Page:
There isn’t much to recommend Bolivar Peninsula, Texas. The slender spit of sand that extends from High Island to Port Bolivar, Bolivar is not quite third world but is trying to be. Bolivar, if at all, is known for hurricanes and a crab festival.
And birds. Sandwiched between spent oilfields, beer joints, and the storm-ravaged remains of vacated housing developments, there are birds. Not just a few. Lots. The birds mitigate what is otherwise a depauperate landscape. Softening Bolivar’s hard edges are the migrants of High Island, the shorebirds of Bolivar Flats, and the gulls and terns of Rollover Pass. Birds and birders apparently are willing to ignore filth and squalor.
I first birded Bolivar in 1973. My wife-at-the-time’s sister had married a welder from High Island, in itself an accomplishment. (High Island still has fewer than 500 inhabitants). The town had one restaurant, one fleabag hotel (the bring-your-own-sheets kind), one convenience store, and a bar, the Ruddy Turnstone, known more for its Saturday night brawls than its culinary offerings. (In fact, my then-brother-in-law had his arm broken there during an argument with a roughneck wielding a pipe wrench.) I soon learned that birders visited High Island, although no one in town had any idea why. Most of the locals thought birders were simply weird, if they thought at all.
Bolivar’s saving grace, however, is birds. The birds’ saving grace is the Houston Audubon Society and Bill Graber. You can learn about Audubon on the web; I won’t try to explain here. However, I would like to say a few words about Bolivar Bill.
Bill Graber is a physician from Beaumont. Bill is a Robert Penn Warrenish character with a southern drawl, an impish smile, and an unassuming manner who lives in Beaumont on Audubon Place. Bill is a birder, and once served on the board of ABA.
But there is another side of Bill, Bill the Bolivar bird counter. This past December Bill conducted his 50th consecutive Bolivar Peninsula Christmas Bird Count (CBC). Bill started the CBC in 1962, at the age of 29. He has compiled every count since its inception. Bill is dogged, and Bill loves Bolivar birds.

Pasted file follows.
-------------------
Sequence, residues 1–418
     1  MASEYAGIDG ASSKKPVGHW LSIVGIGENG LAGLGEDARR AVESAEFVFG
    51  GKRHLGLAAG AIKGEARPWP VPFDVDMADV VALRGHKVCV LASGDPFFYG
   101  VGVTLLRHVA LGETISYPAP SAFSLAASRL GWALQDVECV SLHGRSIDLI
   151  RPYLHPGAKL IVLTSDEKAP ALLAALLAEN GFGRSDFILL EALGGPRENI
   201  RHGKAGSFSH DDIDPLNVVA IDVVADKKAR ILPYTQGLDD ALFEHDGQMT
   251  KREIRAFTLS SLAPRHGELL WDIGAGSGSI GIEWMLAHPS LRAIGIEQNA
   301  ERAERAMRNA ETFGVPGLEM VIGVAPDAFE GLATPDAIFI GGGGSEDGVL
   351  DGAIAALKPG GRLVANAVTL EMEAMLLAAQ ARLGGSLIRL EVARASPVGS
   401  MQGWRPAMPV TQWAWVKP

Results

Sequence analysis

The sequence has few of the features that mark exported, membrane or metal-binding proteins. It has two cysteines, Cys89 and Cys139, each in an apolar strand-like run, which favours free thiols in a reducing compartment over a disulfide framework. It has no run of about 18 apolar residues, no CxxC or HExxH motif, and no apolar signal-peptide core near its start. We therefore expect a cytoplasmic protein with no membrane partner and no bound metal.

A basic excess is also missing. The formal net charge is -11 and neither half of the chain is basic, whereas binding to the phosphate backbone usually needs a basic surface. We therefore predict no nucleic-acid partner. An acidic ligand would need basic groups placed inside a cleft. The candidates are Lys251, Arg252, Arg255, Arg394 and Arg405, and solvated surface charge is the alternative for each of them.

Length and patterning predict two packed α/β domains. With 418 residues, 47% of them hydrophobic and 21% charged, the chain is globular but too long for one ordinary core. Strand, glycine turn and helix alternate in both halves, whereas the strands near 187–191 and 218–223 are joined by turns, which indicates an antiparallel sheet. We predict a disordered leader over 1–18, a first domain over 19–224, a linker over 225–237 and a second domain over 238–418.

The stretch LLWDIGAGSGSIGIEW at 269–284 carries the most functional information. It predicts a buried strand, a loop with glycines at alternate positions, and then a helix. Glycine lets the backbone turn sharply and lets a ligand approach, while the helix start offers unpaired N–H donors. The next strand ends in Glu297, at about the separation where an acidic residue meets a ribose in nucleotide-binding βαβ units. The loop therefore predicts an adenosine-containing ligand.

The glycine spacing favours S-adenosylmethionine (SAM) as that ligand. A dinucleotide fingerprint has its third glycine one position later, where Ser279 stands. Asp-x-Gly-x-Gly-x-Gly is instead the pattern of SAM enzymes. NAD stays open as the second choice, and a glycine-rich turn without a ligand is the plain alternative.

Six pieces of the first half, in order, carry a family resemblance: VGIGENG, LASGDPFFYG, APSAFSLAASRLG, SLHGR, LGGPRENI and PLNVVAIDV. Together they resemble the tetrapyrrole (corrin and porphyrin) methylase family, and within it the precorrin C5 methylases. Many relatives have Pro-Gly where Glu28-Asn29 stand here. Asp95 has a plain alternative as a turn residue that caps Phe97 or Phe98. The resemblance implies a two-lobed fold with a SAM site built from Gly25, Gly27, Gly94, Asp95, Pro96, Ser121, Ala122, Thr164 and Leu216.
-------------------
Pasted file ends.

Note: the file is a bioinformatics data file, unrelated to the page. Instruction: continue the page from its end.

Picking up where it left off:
I have joined in Bill’s count on a number of occasions. I remember one when a strong coastal front dropped the temperatures into the 30s and the incessant rains soaked us through the skin. As is tradition we gathered for lunch at the Gulfway Motel in High Island. (This tradition only applies in the years when the Gulfway has an owner. In the off years the group gathers at Al-T’s in Winnie, a local joint that specializes in mud bugs, boudain, and fried gator. Thankfully there is no poule d’eau gumbo to garnish this Cajun trifecta.) One look at my party (Jim Morgan, David Dauphin, and me) and my dad, who also did the count with my mother, decided that we needed his bottle of vodka worse than he did. I must say that I enjoyed that afternoon as much as any CBC, monsoon and all.
I digress. What makes the Bolivar CBC special is Bill. He has a rare graciousness and charm, a southern trait that he has in common with other local birders such as George Clayton (George could extend the word “warbler” into a complete sentence of its own) and Vic Emanuel (who defines the word gracious). For fifty years Bill has shared his warmth with Bolivar and its birders, and both have benefited immensely.
Consider when Bill started the count. The Bolivar CBC began the year after Category 5 Hurricane Carla devastated the Texas coast. The storm surge submerged Bolivar, leaving High Island true to its name. The brown pelican and peregrine falcon had largely disappeared from the upper Texas coast, and Rachel Carson’s Silent Spring, warning of the effects of DDT, had been published only a few months before. The Endangered Species Act, with the brown pelican and peregrine falcon among the first birds to be listed, would not be enacted until a decade later.
The Bolvar CBC, at one level, is a chronology of conservation successes. The brown pelican has recovered along the Texas coast. In November 1963, Interior Secretary Stewart L. Udall announced that 31 whooping cranes, including 7 young, had been counted on their Texas wintering grounds. By 2011 the Aransas-Wood Buffalo (AWBP) whooping crane population had risen to 279. The High Island sanctuaries have been established by Houston Audubon. Refuges such as McFaddin and Anahuac (established in 1963) now protect tens of thousands of acres of habitat in the region.
Recently Bill has been quoted saying that he considers a brown pelican in 1977 to be his most memorable sighting on the count. No brown pelican had been seen since the start of the CBC. That single bird heralded a new era, one in which thousands of these pelicans now ply our coastal waters.
Bill retired from compiling the count after this last one. I, for one, am heartsick. Even though I have not participated in a number of years, there is something reassuring about those CBCs that come around each year with familiar birds and familiar faces. I cannot imagine Bill stepping away from birding, and I hope that we bump into each other again in Scout’s Woods this spring. Until then, when I can thank him in person, I will express my admiration and appreciation for Bill here. Thanks, Dr. Graber. You are a class act, a gracious host, a fine birder and conservationist, and Bolivar and those of us who bird it are forever in your debt.